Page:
A unique aspect of Ireland's employment law regime is the employment injunction. An employee may apply to the court for the equivalent of a US style temporary restraining order to restrain a dismissal, or to restrain a disciplinary process or investigation from proceeding. An injunction may be granted where an employer failed to follow fair procedures or purported to terminate the employment contract invalidly, where damages would not be an adequate remedy and the balance of convenience favours granting an injunction. Two recent decisions of the High Court in Ireland limited the circumstances in which injunctive relief may be granted and provide support for the view that an injunction should not be granted to an employee in circumstances where a contract was terminated for any or no reason in line with its terms.
Employee workplace benefits
While in the US, for the most part, workplace benefits such as maternity / paternity leave, parental leave and paid time off (ie. holiday leave) are agreed with the employee as part of the overall remuneration package, in Ireland, as in other countries across Europe, such benefits are mandated by legislation. Generally speaking, this results in employees in Ireland having more generous workplace benefits than their US-based colleagues. In the technology industry, in particular, we are observing a greater emphasis on the value employees place on workplace benefits as a component of their remuneration package. As a result, employers in this space are becoming more creative with the type of non-monetary benefits that they are offering in order to attract and retain key talent.
Holiday / vacation entitlements: Unlimited paid leave, negative vacation time, or more broadly unlimited paid time off (PTO) policies to include sick leave and personal leave, which does not accrue and is not paid out on termination of employment, has become a popular benefit offered by employers in the US. Many of such employers are in turn looking to implement this benefit for their employees in Ireland. Employees in Ireland can accrue up to four working weeks’ paid holiday per year (in addition to public holidays). Therefore, in implementing unlimited paid vacation leave in Ireland, employers should provide that employees take their accrued statutory minimum entitlement first and note that employees remain entitled to pay in lieu of any accrued untaken statutory annual leave on termination of employment.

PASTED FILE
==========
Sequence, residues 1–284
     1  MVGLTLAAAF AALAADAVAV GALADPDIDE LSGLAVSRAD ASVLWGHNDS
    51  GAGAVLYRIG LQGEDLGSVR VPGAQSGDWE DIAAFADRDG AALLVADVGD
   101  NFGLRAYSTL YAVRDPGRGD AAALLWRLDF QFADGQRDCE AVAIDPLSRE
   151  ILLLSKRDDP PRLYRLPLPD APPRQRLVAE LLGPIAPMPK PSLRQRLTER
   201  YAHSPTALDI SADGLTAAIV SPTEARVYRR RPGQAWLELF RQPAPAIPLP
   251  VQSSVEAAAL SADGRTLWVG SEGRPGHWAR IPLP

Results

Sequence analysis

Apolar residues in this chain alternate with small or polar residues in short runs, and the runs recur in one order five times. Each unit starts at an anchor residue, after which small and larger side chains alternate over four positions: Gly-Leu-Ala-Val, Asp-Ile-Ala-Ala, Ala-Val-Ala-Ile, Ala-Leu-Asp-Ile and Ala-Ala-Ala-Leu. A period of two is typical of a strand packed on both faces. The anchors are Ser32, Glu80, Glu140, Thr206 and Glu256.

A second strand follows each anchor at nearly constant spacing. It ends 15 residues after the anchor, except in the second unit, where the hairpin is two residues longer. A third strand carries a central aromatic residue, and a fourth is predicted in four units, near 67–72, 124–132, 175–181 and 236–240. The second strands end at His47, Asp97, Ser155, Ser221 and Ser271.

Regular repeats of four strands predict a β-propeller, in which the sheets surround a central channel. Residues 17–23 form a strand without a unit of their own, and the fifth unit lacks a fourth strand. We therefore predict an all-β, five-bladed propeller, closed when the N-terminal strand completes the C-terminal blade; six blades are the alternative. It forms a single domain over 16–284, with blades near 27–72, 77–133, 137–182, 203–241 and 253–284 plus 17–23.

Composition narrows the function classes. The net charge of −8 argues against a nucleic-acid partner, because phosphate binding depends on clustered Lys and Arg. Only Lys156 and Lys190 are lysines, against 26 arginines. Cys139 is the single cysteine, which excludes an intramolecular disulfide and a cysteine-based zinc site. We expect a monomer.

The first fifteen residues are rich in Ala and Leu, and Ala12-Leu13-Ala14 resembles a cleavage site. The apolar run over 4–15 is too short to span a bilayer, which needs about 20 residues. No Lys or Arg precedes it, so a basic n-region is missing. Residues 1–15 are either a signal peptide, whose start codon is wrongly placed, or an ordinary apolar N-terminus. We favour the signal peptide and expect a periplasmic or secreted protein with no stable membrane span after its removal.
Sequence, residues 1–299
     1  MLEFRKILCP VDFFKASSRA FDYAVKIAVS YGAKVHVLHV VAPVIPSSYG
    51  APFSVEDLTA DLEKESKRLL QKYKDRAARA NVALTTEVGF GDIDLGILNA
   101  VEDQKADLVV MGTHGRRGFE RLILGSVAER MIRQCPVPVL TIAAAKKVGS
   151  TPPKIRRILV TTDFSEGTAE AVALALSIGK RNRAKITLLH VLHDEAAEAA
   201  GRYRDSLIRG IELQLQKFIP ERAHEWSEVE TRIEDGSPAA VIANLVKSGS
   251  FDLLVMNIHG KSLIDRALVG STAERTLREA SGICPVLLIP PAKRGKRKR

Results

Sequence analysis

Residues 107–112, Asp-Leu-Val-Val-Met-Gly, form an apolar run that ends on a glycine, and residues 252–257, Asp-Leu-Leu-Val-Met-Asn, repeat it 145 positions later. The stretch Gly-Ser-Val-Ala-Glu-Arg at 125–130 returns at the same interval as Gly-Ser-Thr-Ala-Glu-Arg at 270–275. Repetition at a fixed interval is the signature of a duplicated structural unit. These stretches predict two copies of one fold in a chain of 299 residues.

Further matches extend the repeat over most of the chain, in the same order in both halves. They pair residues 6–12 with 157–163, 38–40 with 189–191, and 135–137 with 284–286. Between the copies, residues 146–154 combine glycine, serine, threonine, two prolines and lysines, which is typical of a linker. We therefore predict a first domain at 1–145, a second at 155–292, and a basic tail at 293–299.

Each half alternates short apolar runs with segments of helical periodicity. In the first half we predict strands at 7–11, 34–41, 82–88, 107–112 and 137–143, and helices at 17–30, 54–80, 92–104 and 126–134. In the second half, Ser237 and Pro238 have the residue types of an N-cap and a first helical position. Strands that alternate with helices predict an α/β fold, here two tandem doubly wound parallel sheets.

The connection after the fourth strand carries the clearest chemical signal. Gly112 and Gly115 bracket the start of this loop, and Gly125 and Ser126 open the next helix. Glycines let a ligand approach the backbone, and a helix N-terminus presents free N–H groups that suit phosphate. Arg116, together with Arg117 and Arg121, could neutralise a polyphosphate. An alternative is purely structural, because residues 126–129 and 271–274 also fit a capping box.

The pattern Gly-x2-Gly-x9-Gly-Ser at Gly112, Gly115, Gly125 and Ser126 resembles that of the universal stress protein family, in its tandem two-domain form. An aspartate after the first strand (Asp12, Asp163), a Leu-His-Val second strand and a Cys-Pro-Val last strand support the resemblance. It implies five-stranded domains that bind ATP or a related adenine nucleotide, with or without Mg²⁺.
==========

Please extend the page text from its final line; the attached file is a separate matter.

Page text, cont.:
Pension: Employers in Ireland are not obliged to set up or contribute to a pension plan for their employees. However, many do, usually as the broad equivalent of a US 401(k), though some defined benefit plans also still exist. Where an occupational pension plan is not provided, employers are required to provide their employees with access to contribute to a Personal Retirement Savings Account (PRSA).
Insured benefits: There is no obligation on employers in Ireland to provide insured benefits such as health insurance, dental insurance or long term disability insurance for their employees. In practice, many private employers do cover the cost of, or provide a contribution to, privately held health insurance as well as provide other benefits not covered by the public system.
Paid leave: Paid parental leave is a hot topic in the US, with many US employers looking to provide for what the US government does not. In Ireland, employees have certain statutory minimum maternity leave, paternity leave, adoptive leave, parental leave, force majeure leave and carer's leave entitlements. There is no obligation on an employer to pay an employee on such leave. In practice, many employers will pay some portion of an employee's maternity, paternity, adoptive and force majeure leave.
Trade unions / works councils
Finally, unlike many European countries, workplace representation and worker participation rights are not a dominant feature of the employment landscape in Ireland. One key positive difference is that employers in Ireland are not required to recognise and/or engage with trade unions in relation to their employees. The US “unfair labor practice” or “collective concerted activity” charges are not a feature of the labour landscape in Ireland. In addition, works councils are very uncommon in Ireland.
It is possible to establish information and consultation arrangements with employee representatives at company level and in certain circumstances such arrangements will be required by law; for example, in the case of collective redundancies, the transfer of an undertaking from one employer to another, or where an employer with at least 50 employees receives a written request from at least 10% of its employees to form a special negotiating body, which is also very rare.